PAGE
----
The Chenthitta House, November 1945

November, 1945

I was a five year old girl at the time.

I was startled awake from a deep sleep by the hustle and bustle of unusual activity, doors opening and closing, and many footsteps back and forth outside my Ammoomma’s, grandmother’s room, where I slept alongside my three year old sister, Shanthi. Footsteps hurried across the floor. Listening closely I heard more footsteps that paced back and forth outside my bedroom.

The clock said 2, O’clock. I was glad that somebody remembered to leave the blue night light ‘on.’

Suddenly a new sound pierced the night. A wailing sound of a baby crying. I got up and walked out of the bedroom and straight into the arms of my maternal aunt, Ammachi.  She explained what I heard was a baby’s first announcement of its arrival, a demanding cry which was a craving for attention.  The craving was quite evident-(a craving I have come to believe ends only with our last breaths) – and I knew we had a baby in the house. I ran towards the room where the sound came from. I could not wait any longer to be called. (An obedient child never interrupted adults unless expressly summoned!) Thank God everyone was too busy;  too happy to be strict at that point. I barely heard my Ammachi’s voice, something about a new sister. And then I saw her- a squiggly baby, shining wet after her first bath, still screaming, and oh so small.

So, this was my new baby sister. I pushed forward to see her face. I was sure she looked straight at me. My five year old heart swelled with love for her instantly.

The adults were still bustling around preparing an official welcome for the new addition to the family. As was our custom in South India, the oldest member of the family present, my Ammoomma, was going to feed the little one three sips of honey and gold. I saw Ammachi rub a piece of gold, my mother’s wedding ring, into a few drops of honey placed in a little white marble boat. I recognized it as the  marble mortar in which our medicine pills were ground up to feed us medicines. The sweetest food of all, honey, and the most precious metal of all, gold; a mixture that is a symbolic offering of the best in life to new and smallest member of our family, by the senior-most family member, Ammoomma.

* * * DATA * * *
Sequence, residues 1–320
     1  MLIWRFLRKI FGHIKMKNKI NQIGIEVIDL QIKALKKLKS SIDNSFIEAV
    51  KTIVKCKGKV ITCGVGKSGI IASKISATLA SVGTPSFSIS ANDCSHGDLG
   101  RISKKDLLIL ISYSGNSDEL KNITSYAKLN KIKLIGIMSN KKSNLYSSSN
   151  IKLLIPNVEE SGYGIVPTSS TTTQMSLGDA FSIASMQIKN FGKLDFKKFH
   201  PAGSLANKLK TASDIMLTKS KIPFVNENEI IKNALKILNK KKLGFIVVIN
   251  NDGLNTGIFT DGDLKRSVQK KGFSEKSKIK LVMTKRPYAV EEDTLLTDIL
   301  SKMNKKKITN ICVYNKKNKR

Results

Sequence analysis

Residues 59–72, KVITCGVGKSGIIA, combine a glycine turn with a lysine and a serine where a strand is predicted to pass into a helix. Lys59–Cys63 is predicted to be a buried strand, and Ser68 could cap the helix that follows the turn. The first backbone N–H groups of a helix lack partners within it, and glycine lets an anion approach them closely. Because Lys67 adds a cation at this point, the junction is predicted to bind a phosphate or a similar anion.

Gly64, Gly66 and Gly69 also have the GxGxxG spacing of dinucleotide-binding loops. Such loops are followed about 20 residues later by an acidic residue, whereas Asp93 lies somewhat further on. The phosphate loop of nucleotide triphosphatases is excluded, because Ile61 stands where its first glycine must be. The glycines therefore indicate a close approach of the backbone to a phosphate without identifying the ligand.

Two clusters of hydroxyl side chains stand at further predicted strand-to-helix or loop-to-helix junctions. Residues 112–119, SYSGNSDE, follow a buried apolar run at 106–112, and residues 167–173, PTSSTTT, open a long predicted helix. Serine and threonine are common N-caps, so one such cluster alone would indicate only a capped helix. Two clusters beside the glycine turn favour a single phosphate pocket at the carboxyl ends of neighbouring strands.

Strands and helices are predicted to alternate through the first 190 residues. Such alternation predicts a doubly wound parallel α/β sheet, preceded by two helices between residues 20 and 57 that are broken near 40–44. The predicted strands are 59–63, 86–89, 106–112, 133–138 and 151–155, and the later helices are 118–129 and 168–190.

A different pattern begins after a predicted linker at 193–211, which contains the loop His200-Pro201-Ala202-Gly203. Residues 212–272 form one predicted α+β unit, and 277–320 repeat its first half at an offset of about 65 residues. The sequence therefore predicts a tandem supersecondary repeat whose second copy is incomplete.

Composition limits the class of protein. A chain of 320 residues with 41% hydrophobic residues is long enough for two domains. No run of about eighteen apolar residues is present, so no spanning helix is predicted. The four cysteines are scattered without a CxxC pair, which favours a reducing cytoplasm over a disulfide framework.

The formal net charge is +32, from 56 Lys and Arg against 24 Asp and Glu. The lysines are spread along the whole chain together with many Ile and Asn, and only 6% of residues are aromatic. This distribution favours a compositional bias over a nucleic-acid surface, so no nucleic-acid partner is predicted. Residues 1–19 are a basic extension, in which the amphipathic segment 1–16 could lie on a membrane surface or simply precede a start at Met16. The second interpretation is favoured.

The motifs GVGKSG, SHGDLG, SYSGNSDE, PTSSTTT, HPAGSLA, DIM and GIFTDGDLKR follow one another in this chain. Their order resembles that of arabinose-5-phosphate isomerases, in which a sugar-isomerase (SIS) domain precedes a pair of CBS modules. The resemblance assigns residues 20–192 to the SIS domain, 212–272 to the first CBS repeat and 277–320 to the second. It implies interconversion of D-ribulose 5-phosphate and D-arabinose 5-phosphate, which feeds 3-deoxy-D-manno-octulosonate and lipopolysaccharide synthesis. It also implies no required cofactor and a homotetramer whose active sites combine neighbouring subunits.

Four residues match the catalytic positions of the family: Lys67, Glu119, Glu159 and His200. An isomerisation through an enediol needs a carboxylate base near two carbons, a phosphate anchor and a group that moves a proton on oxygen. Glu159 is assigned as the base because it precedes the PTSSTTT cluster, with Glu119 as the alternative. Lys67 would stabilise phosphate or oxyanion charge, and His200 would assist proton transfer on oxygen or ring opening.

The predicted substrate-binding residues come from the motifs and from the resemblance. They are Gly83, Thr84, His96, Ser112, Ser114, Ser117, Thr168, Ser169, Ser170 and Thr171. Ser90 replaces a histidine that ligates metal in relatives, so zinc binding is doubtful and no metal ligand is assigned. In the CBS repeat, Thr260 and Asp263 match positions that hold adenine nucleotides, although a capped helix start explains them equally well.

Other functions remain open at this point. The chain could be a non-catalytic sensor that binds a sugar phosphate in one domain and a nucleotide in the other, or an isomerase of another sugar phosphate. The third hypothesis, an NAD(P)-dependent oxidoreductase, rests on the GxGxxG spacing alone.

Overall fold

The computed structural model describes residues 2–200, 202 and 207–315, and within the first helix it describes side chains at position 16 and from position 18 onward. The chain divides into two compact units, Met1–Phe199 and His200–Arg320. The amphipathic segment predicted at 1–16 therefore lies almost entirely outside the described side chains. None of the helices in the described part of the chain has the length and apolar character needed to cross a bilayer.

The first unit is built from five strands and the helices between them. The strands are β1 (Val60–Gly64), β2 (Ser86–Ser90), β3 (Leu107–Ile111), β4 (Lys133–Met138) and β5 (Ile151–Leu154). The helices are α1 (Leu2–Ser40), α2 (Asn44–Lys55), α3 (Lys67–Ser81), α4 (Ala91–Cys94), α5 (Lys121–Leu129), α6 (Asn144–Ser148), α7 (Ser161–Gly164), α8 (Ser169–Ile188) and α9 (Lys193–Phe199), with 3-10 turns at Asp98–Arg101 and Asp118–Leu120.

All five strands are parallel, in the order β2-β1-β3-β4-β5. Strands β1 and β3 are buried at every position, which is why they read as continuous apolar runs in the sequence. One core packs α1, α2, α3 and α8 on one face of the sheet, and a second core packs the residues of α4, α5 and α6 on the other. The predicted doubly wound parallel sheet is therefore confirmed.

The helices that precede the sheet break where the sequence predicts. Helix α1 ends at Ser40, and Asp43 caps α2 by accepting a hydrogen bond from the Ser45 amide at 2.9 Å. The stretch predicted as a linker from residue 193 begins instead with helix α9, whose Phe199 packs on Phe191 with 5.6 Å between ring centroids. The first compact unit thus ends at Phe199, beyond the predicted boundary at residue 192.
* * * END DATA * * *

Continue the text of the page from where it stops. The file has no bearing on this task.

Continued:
But- not this time. I was vehement; she was “my” sister. I wanted to officially welcome her, and boy I wasn’t going to settle for a nay answer, and, I must have won my point. Because this time they waived tradition. Soon I had the squirming little sister in my lap. My small hands needed help to keep her there. I held the bundle of joy while grandma had to lean down to feed her the gold and honey. Everybody smiled. Dad shook his head in disbelief.  My Ammoomma was not one to give in to anyone. But she did for me, her special kochu-mol, grand-daughter.

The sweet stuff must have made an impression on the little one- for she soon settled quietly in her big sister’s arms as I sighed in relief and sat back basking in the sunshine of all the attention I was sharing with my own baby sister.

That was the very special place, where my two sisters and I grew up with my parents, and my Ammachi, my maternal aunt, when I was five years old.

Seventy one years later, I really believe that the sense of belonging, the sense of unconditional love and the sense of ultimate trust in placing a live human being in my hands—-all these add up to what I became when I grew up from my five year old self.

 Shakuntala
Shaku and her siblings
Shaku, Jayee and Shanthi

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